Gripping doesn't even begin to describe this second installment of the Butcher's Boy trilogy.
If Michael Kramer's fantastic narration helps you connect the similarities between the BB and Richard Stark's mysterious, unflappable, single-minded protagonist Parker - then so be it. It's a worthy successor.
Can't recommend these books to thriller fans highly enough!
I'm afraid I have throw my lot in with Melinda and Brad here among reviewers. Bought because I'm a big Petkoff fan...didn't finish it, unfortunately.
Even speaking as a fan of football (tho' professional), there was indeed way too much of it and not enough to keep the thing moving for me.
I may dig in and force my way through the rest at some point, but my queue is too backed up to not move along to something more compelling.
It's not long enough! Leonard's tales of Carl Webster never are. a great read from Josh Clark as well. Highly recommended.
Connelly does Supernatural? OK, I'll bite. Walks some well-traveled narrative roads, but Connelly keeps it moving and Collins sells it well...
I initially grabbed this one out of sheer fandom for the reader Michael Kramer, who was SO good on Richard Stark (Westlake)'s 'Parker' series. He doesn't disappoint here. The story too is worthy of it's accolades. In fact, it is not dissimilar to the Westlake books: a solitary (anti) hero on a relentless mission against those who wronged him. Except the focus here is not on a caper, but a hitman (and the addition of a third party - Waring from Justice Dept). Now to find out if the other 2 'Butcher' novels are available via audiobook.
While this is another bang-up reading performance by Petkoff, the story suffers a bit in comparison to the first McGee outing, The Deep Blue Good-By. Unrealistic in spots, it seems more of a pot-boiler.
Still, these are worth reading in order...and Petkoff will keep it moving for you.
If you thought you enjoyed the 80's series of audiobooks featuring Darren McGavin as reader (and I did), get ready to have your socks blown off by Robert Petkoff's version! Travis McGee, as read by Petkoff, trades in McGavin's world weary, semi-bemused approach for a much more grim, hardboiled style. He really holds you til the last "page".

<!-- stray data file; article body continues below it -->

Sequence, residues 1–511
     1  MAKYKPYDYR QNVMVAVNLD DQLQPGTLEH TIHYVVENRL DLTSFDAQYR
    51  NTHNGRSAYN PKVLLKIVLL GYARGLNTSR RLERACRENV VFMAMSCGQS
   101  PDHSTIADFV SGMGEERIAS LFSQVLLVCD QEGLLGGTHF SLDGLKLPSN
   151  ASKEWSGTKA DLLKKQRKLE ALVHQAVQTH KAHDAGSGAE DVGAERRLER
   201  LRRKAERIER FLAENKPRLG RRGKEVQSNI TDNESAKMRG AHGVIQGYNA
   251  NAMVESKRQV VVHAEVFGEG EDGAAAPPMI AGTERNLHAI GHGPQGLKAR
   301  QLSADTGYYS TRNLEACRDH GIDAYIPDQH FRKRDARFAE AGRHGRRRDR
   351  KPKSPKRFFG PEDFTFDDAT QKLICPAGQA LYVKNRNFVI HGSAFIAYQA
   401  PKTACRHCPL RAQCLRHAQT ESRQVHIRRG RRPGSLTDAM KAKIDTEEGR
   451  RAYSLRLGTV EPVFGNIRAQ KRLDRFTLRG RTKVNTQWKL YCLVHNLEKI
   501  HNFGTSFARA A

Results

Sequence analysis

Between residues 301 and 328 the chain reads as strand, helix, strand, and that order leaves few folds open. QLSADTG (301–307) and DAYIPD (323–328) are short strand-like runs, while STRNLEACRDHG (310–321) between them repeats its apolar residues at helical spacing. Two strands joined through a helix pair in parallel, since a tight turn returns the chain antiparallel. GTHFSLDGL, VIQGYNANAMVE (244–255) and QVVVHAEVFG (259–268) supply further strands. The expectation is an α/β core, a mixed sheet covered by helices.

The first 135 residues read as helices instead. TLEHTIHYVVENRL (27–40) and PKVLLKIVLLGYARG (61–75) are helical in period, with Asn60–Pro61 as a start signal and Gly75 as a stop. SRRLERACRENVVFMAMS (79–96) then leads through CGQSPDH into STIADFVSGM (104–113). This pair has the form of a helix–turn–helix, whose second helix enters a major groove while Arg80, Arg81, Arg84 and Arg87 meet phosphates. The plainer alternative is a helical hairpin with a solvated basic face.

Can't wait to dig in to the rest of the series. Highly recommended.
Chase's great noir-ish crime novel gets a mediocre treatment here.
Jeff Harding's narrative voice is fine (despite some strange pronunciations, like DYE-van, STALAG-tites and "rum" for "room"), but -- and I'm not sure if it was the Director or Harding's choice - the colloquialisms of 1939 crime writing communicate the hard-boiled period sufficiently without the character voice readings sounding variously like Edward G. Robinson, The Dead End Kids or Ma Kettle.
This corny presentation serves to do the one thing you never want in an audiobook - provide a distraction from a great genre story.
Can't recommend this one.
A stunning presentation. Not having read the novel, I was astonished at how much deeper Ed's character is than the desperately miscast Jon Voight in the movie. I shouldn't have been, I guess -- don't we all know the book is always better than the movie?
Well, in this case, Will Patton's performance trumps BOTH, in my opinion. One of those you're-already-home-in-the-driveway-but-don't-want-to-turn-it-off audiobooks.
My highest recommendation.
For those of us who can't get enough Bosch...only complaint is that it's too short! Includes a preview of his next, The Drop - which I can't wait for.
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